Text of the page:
If you live in, or are planning a trip to New Orleans for Mardi Gras 2015, you should be visiting Bourbon Street for its character, history, nightlife, and shopping. It truly is a place of nonstop partying and events.
Bourbon Street History
Bourbon street is a major street in the French Quarter of New Orleans. The French Quarter is the oldest part of the city, having been founded in 1718. The streets in New Orleans were named after Catholic saints and the French royal houses. Bourbon street was named after the House of Bourbon, a royal family in France.
Originally built by the French, after the Seven Years’ War, the Spanish gained control of the city. When a fire destroyed most of the Quarter, the Spanish rebuilt it using their own style, thus adding a distinctive Spanish flair to about 80 percent of the buildings. The French Quarter quickly grew to be the center of the Creole culture.
Nowadays, Bourbon Street is a popular tourist spot for shoppers, revelers, and bar hoppers. Bourbon street hosts a number of festivals, many open to families. Still, Bourbon street has many clubs as well as popular bars for people looking for entertainment.
The French Quarter is no stranger to alcohol, with taverns almost as old as the city, itself. You can find bars and taverns of all varieties from rowdy to upscale on Bourbon Street. Popular bars and taverns include Pat O'Brien's, The Old Absinthe House, Johnny White's, The Bourbon Cowboy, The Famous Door, The Beach, Spirits on Bourbon, Tropical Isle, Razzoo, Funky Pirate, and The Cat's Meow.
Many folks argue that the best place to go for Creole cooking is the French Quarter. And even more with tell you that the best place to go for food is Bourbon Street. You can find anything from casual to formal, and everything in-between. Some restaurants are even open 24 hours. Popular restaurants on Bourbon street include Jean Lafitte's Blacksmith Shop, Cafe Beignet at Music Legends Park, Desire Oyster Bar and Bistro, Embers Steak House, Galatoire's "33" Bar and Steak, Galatoire's Restaurant, Johnny White's Pub & Grill, La Bayou, Pier 424 Seafood Market Restaurant, and Remoulade.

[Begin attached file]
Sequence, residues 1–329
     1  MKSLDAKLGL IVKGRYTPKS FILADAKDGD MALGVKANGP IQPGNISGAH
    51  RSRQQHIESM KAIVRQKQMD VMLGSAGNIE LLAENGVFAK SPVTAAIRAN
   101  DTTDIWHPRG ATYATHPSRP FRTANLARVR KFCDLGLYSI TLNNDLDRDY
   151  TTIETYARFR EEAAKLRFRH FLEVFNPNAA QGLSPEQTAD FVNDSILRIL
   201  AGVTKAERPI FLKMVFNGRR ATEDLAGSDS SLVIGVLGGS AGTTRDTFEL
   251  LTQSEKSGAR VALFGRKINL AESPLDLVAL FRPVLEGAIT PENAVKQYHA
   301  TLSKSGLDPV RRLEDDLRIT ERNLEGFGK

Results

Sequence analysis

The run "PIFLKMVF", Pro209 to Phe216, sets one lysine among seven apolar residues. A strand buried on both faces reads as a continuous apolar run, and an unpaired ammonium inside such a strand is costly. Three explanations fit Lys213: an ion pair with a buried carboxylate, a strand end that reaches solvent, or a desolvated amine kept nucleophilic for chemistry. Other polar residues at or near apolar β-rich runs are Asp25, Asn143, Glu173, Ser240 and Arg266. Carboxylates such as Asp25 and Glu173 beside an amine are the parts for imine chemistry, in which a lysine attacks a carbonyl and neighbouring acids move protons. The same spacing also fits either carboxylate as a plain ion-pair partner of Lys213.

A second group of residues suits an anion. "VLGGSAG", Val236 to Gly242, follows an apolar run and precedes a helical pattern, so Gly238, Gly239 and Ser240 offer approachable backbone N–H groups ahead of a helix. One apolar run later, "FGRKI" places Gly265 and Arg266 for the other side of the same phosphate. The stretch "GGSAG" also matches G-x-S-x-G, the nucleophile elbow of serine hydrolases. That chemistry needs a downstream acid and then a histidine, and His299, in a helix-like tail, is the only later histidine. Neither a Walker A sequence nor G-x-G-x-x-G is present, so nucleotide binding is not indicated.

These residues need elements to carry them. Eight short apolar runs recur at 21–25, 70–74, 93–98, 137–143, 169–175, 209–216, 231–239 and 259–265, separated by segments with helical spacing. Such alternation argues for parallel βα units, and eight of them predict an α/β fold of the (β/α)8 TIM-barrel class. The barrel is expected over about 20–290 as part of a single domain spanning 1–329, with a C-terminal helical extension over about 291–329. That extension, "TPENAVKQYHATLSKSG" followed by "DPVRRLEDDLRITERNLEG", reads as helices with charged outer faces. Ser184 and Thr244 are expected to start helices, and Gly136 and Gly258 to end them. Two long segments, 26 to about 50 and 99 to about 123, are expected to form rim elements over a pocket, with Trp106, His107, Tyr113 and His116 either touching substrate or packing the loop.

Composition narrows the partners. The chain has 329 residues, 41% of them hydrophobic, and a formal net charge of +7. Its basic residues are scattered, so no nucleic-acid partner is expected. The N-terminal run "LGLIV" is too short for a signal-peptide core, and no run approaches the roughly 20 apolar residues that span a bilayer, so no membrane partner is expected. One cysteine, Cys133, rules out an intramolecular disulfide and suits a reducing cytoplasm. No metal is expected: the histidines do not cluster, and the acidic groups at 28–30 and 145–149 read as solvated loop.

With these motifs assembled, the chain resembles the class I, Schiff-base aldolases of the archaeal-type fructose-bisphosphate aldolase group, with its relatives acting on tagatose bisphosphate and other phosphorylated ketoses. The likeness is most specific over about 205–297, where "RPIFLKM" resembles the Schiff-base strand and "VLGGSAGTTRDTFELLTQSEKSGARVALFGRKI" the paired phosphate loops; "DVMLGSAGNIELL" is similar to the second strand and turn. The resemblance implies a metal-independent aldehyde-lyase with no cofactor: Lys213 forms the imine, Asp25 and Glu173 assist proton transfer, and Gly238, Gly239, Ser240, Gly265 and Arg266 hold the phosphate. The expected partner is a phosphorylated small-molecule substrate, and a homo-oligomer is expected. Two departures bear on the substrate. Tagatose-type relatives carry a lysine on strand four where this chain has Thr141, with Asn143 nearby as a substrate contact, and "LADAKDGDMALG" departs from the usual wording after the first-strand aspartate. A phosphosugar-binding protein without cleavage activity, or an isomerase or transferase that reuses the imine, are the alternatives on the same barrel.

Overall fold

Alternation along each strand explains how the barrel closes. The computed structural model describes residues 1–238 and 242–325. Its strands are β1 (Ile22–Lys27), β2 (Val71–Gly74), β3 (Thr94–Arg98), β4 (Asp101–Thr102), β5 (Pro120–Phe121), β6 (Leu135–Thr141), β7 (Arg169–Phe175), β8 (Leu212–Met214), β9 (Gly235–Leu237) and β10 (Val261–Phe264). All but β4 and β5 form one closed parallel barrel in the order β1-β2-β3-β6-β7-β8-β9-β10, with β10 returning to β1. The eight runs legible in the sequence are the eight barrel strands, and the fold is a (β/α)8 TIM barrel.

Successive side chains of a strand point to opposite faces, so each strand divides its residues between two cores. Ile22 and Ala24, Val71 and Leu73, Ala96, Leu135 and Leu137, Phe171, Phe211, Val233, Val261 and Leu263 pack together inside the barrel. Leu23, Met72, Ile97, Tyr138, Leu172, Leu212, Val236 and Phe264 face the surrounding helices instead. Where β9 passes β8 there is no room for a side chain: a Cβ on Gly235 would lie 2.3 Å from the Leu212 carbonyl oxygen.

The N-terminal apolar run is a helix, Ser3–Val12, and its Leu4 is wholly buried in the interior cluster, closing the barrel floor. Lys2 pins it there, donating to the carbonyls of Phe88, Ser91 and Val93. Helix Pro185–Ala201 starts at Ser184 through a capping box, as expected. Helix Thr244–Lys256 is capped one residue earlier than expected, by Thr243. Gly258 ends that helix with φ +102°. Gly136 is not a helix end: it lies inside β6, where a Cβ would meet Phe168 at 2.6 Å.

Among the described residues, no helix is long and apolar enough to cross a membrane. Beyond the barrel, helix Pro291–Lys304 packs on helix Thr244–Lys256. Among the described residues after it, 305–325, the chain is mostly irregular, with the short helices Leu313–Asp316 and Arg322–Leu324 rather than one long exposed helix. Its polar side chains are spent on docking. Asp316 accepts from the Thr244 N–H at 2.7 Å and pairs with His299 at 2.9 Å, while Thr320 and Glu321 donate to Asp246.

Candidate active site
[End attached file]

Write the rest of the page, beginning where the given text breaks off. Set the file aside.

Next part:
Popular Festivals and Events
The most well-known festival is the Mardi Gras Festival, which happens on Bourbon Street in the French Quarter the day before Ash Wednesday, called Fat Tuesday. This year’s Mardi Gras falls on February 17. But in addition to Mardi Gras, there are plenty of other festivals throughout the year. Here are some to consider:
- St. Patrick's Day
- Tennessee Williams' Festival
- French Quarter Festival
- Jazz & Heritage Festival
- Bastille Day
- Whitney White Linen Night
- Voodoo Music Experience
- Christmas New Orleans' Style
- New Year's Eve
So, when you’re planning your visit, whether it’s for the upcoming Mardi Gras festivities, or for another occasion, here’s a little bit about Bourbon Street that help you plan your schedule.
Don’t forget to order your Perlis Mardi Gras clothing, and hit the streets of New Orleans in style!